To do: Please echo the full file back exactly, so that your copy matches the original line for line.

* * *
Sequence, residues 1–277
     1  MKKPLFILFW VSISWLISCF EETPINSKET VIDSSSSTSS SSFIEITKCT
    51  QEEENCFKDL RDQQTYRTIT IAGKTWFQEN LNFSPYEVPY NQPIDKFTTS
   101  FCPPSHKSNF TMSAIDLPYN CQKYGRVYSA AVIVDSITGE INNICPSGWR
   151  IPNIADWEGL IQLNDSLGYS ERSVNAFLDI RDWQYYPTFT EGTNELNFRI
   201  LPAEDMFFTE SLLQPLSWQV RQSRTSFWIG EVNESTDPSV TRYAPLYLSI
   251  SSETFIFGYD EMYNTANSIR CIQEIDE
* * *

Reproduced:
Sequence, residues 1–277
     1  MKKPLFILFW VSISWLISCF EETPINSKET VIDSSSSTSS SSFIEITKCT
    51  QEEENCFKDL RDQQTYRTIT IAGKTWFQEN LNFSPYEVPY NQPIDKFTTS
   101  FCPPSHKSNF TMSAIDLPYN CQKYGRVYSA AVIVDSITGE INNICPSGWR
   151  IPNIADWEGL IQLNDSLGYS ERSVNAFLDI RDWQYYPTFT EGTNELNFRI
   201  LPAEDMFFTE SLLQPLSWQV RQSRTSFWIG EVNESTDPSV TRYAPLYLSI
   251  SSETFIFGYD EMYNTANSIR CIQEIDE